Let’s start with the summer basics – staying dry and cool.
We don’t get to camp as often as we would like these days, but we are making the effort to get out there. Tent camping can be a challenge even under good circumstances (that’s right, we don’t own a camper). We have had some unique camping experiences over the years as well as some outright disasters! We try to keep our sense of humor and muddle through (and know when to throw in the towel and get a hotel room).
My advice? Pack for the hottest or rainiest day of your life and you should be ok!
ALWAYS watch that weather forecast. Don’t cancel your trip because of rain but it may be cause for a little extra prep. If your tent is older, you may want to set it up and use a spray waterproofing being extra careful to get the seams. Take a pop-up shelter or extra tarp to cover your entrance – it helps keep your tent cleaner and drier. Monitor creeks and streams. We camped at the base of Grandfather Mountain in North Carolina beside a beautiful stream. We attended festival activities tolerating the rain and have a great experience. On the second evening, water levels looked pretty normal but I woke up in the middle of the night to find the stream had risen considerably and the ground around our tent was swamped. The rain continued, and I informed Randy that I would be in the car waiting to drive to the hotel. I grew up in a West Virginia “holler” – if the water is rising and the rain is still coming down, assume it WILL block your escape! On that same trip, the air mattress had a slow leak. Each morning we woke up on a completely deflated piece of plastic. Always check your bedding before you leave. I would recommend that you try sleeping on whatever you are taking before the actual trip. Have a little “camp out” in your family room.
When you know it’s going to be above 90 degrees, have a backup plan. Escape to a movie, museum or even shopping mall. Have a list of places and their hours before you leave in case your cell phone dies. While it’s tempting to sleep in the nude when it’s hot, remember you are probably side-by-side with someone’s kids. Be prepared for the inevitable middle of the night disturbance – bathhouse run, bear attack, etc.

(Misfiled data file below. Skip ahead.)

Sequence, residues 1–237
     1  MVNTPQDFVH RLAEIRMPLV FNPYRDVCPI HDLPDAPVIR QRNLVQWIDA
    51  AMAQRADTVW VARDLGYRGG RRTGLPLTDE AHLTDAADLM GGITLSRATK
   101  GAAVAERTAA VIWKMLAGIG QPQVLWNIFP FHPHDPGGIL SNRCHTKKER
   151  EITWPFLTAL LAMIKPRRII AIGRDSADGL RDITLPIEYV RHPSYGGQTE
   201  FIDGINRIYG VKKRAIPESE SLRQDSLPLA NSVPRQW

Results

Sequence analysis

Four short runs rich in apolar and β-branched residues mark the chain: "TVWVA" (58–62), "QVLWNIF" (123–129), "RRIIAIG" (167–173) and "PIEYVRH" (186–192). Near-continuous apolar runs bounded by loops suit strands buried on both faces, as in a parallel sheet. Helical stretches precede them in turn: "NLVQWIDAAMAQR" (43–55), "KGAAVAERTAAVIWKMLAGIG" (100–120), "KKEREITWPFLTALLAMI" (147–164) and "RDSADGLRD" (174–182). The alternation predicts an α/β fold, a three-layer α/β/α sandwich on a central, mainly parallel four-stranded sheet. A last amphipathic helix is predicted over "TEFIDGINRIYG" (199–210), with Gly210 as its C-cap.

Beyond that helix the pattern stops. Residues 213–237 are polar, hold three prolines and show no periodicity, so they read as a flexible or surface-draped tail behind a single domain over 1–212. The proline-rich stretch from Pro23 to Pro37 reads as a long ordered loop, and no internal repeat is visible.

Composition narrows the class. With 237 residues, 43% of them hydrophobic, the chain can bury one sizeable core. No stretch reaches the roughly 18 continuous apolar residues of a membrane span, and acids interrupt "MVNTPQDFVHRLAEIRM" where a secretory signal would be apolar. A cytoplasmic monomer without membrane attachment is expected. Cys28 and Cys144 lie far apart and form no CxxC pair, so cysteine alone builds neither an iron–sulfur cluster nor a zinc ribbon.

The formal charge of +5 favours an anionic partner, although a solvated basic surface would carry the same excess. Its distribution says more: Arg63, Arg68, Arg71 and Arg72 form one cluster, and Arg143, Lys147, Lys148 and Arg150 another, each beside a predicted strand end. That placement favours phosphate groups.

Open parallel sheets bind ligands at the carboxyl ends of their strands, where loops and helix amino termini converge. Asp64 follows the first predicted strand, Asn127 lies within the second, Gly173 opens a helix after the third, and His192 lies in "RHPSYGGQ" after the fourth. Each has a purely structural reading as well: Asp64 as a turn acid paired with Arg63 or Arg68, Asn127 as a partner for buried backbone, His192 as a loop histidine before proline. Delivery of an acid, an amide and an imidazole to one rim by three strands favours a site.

Remember, all the kids in the campground are cooling off in the pool, too. Wall to wall kids that have been sweltering in the heat may not be good pool mates and…. do they always follow the rules regarding pool hygiene? Probably not. A cool shower in the campground bathhouse is nice if you don’t have to wait in a long line or you get there after the entire scout troop. You could invest in a portable shower (check Pinterest to make your own – a project for our next camping adventure and we will let you know if it is a success).
So stock up on some personal misters, battery powered fans, cooling towels and hats and keep your cooler stocked with water. Take a few extra inexpensive ponchos. Check the internet for “cool” camping hacks. Just think, your ancestors survived the elements with little protection. If you are a camper, you will be hot and wet at some point. Live outside your comfort zone for a while. Experience nature. If all else fails, get in the car and tell your husband that you are ready to drive to the hotel.